Austrian researchers developed a unique technology for controlling dozens of flying drones at the same time, creating a spectacular visual display at night with the drones lighting the sky in an array of colors and shapes. The first demonstration which took place late last month included 49 multi-rotor drones which hovered in the night sky in a coordinated dance of glowing shapes.
Quadrocopters are four rotor flying drones. In recent years scientists from around the world have been using these units to study coordinated movements of flying drones. Some spectacular work has been achieved including flying through hoops, windows, building structures using coordinated work and much more. - However using a very large number of quadrocopters in an outdoor environment is complex even by quadrocopter research standards (which has been evolving in an unprecedented rate in the last few years).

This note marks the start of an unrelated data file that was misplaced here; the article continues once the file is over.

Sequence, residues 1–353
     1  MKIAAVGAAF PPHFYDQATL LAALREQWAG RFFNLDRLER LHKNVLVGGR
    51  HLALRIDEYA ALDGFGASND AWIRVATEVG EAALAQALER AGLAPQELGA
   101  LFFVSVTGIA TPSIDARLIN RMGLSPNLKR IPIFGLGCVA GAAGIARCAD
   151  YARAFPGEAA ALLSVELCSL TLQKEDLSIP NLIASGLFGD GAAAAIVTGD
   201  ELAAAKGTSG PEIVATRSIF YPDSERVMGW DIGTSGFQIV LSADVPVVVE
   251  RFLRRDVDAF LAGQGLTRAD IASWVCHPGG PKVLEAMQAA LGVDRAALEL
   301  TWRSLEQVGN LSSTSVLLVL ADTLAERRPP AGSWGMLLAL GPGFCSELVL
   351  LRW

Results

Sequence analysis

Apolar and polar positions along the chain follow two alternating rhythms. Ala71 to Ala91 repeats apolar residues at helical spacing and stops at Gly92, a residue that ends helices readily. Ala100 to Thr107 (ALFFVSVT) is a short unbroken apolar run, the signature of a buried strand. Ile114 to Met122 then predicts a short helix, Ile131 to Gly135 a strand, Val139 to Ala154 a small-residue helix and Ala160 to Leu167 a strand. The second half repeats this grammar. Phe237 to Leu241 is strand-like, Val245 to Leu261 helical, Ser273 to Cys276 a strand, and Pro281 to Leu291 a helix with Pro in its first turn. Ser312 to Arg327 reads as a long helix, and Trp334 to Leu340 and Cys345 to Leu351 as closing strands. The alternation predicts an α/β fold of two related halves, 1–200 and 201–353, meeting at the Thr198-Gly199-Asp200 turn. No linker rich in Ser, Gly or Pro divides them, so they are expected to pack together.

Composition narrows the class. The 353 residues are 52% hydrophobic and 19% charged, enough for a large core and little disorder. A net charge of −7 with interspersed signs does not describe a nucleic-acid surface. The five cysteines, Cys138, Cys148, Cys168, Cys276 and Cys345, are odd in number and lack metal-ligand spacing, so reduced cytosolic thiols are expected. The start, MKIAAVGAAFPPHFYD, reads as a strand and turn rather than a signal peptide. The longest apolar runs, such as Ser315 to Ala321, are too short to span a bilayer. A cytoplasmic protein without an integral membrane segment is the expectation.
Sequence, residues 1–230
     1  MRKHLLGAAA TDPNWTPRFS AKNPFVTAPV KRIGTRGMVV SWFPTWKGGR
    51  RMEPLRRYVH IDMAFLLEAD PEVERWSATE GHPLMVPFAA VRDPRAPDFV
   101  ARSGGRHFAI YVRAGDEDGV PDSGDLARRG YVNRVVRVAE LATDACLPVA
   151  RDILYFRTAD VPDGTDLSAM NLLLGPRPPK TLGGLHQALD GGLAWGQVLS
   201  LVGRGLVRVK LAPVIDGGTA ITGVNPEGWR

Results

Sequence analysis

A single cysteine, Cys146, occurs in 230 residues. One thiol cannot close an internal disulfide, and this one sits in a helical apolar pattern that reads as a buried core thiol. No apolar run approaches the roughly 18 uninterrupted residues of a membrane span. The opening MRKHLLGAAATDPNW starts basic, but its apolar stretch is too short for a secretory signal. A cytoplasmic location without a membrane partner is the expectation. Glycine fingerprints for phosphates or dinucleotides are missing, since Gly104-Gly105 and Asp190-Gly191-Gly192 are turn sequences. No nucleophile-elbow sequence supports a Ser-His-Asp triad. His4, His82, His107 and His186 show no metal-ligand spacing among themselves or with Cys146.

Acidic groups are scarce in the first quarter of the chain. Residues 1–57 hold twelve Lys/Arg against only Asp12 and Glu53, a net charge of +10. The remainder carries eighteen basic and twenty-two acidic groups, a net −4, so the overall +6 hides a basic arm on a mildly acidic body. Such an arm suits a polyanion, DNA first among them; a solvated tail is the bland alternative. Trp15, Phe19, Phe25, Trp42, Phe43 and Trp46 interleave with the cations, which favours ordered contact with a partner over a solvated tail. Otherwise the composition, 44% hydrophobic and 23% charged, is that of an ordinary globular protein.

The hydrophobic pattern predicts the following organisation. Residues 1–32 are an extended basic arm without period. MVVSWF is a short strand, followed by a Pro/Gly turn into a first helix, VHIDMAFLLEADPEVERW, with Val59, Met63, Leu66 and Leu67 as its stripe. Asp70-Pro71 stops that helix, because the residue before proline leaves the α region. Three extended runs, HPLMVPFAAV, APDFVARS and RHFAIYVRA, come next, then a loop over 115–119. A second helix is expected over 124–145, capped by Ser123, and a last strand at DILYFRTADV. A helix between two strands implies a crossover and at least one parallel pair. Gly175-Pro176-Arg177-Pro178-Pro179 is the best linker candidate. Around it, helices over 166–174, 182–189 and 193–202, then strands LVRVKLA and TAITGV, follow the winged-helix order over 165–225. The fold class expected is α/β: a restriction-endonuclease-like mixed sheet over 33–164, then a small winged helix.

- The researchers from the Ars Electronica Futurelab in Austria created the first flying formation of 49 quadrocopters which was recently demonstrated over the skies of Linz, Austria. The developers see the project as a new form of 3D visualization technique where each quadrocopter is equipped with multicolor LEDs. The scientist are calling each such unit “spaxel”—a pixel in real space— or mobile lighting fixture.
Using a special algorithm developed for the project and with the aid of GPS mounted on each quadrocopter, the scientists created a live visual show in the sky above the city as can be seen in the video below. -
Cloud in the Web – 49 Quadrocopters in a visual show above the city of Linz in Austria
The project has been developed by researchers of the Ars Electronica Futurelab which focuses on the future at the junction of art, technology and society. Futurelab draws upon transdisciplinary research and work which results in a variety of different disciplines.
Iddo has a B.A. in Philosophy and Cognitive Science and an M.A. in Philosophy of Science from the Hebrew University of Jerusalem. He is currently writing his Ph.D. thesis on the relationship between the scientific community and industry. Iddo was awarded the 2006 Bar Hillel philosophy of science prize for his work on the relationship between science and technology. He is a member of the board of the lifeboat foundation and was the editor of several high-profile science and technology websites since 1999.